He was a non-smoker and when Thomas Stierwalt learned he had lung cancer, he did what came naturally – he began to read and research his diagnosis and treatment options.
By IU Health Senior Journalist T.J. Banes @firstname.lastname@example.org
He is intrigued by the science of plants and Thomas Stierwalt says he’s fascinated by the treatments for cancer.
Stierwald grew up on a farm in Gosport, Ind. and attended Purdue University. While pursuing his undergrad degree Stierwalt took part in the ROTC and met a friend who introduced him to an Army research facility. It gave him the opportunity to follow his passion and obtain both masters and doctoral degrees in plant pathology and plant breeding.
But his heart was in farming so he eventually joined his father in the fields.
“We nearly starved to death,” he says laughing at the hard work. He and his wife, Joan married 53 years ago. Both natives of Gosport, they’ve known each other since she was in the fifth grade and he was in the eighth grade. They have two girls, a boy and six grandchildren.
After his stint with farming he took a job with an agricultural chemical company and eventually retired from Bayer, a life sciences company.
Stierwalt says he’s been healthy throughout his life. As a non-smoker he was stumped when he got the diagnosis of lung cancer in May of 2015. It’s estimated that 10-15 percent of lung cancers occur in non-smokers. According to the American Cancer Society some of the leading risks for non-smokers developing lung cancer is exposure to radon gas, secondhand smoke, and cancer causing agents such as asbestos and diesel exhaust, and air pollution.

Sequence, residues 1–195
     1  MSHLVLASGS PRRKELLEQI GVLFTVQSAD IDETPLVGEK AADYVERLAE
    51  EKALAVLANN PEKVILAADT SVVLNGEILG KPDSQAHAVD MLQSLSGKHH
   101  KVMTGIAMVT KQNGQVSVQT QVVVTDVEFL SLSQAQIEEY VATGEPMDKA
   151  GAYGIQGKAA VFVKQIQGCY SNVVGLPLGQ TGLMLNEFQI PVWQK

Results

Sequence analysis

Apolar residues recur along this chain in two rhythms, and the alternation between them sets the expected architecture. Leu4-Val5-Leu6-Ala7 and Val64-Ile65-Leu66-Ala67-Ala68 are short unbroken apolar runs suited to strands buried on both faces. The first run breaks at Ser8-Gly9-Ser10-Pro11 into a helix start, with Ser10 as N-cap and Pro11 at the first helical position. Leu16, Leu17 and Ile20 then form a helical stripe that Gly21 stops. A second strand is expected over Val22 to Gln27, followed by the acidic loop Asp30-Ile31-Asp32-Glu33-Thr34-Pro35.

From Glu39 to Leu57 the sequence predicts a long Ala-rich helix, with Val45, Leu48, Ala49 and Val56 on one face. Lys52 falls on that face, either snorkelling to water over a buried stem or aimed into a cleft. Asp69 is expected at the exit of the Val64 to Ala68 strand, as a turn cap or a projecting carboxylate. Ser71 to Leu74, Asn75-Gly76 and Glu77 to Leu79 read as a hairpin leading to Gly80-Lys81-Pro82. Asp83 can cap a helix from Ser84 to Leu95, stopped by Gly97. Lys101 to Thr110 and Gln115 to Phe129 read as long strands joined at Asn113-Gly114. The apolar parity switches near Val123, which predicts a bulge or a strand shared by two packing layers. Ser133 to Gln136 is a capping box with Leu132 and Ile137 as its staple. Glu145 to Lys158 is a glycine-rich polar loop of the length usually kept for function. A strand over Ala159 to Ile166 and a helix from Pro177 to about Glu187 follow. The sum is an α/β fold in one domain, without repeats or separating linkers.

“I had been working in the agricultural chemical industry for 30 years. In research and development we worked with a number of compounds. We protected ourselves but you still never know what you’re dealing with and how it can impact your health,” said Stierwalt.
“We began reading and researching to learn all we could,” added his wife.
The cancer was discovered when he developed pneumonia and fluid developed in his right lung. Under the care of IU Health oncologist Dr. Nasser Hanna Stierwalt completed several rounds of chemotherapy. When the chemotherapy was no longer effective, Steirwalt began taking an immune therapy drug.
“My oncologist says he knows of someone living six years on this treatment and I’m going on two,” said Steirwalt. “It’s been an interesting process learning about immune therapies that are targeted for specific diseases and it’s fascinating to learn there is hope. Cancer doesn’t have to be a death sentence. There are no side effects. I feel great and it’s working.”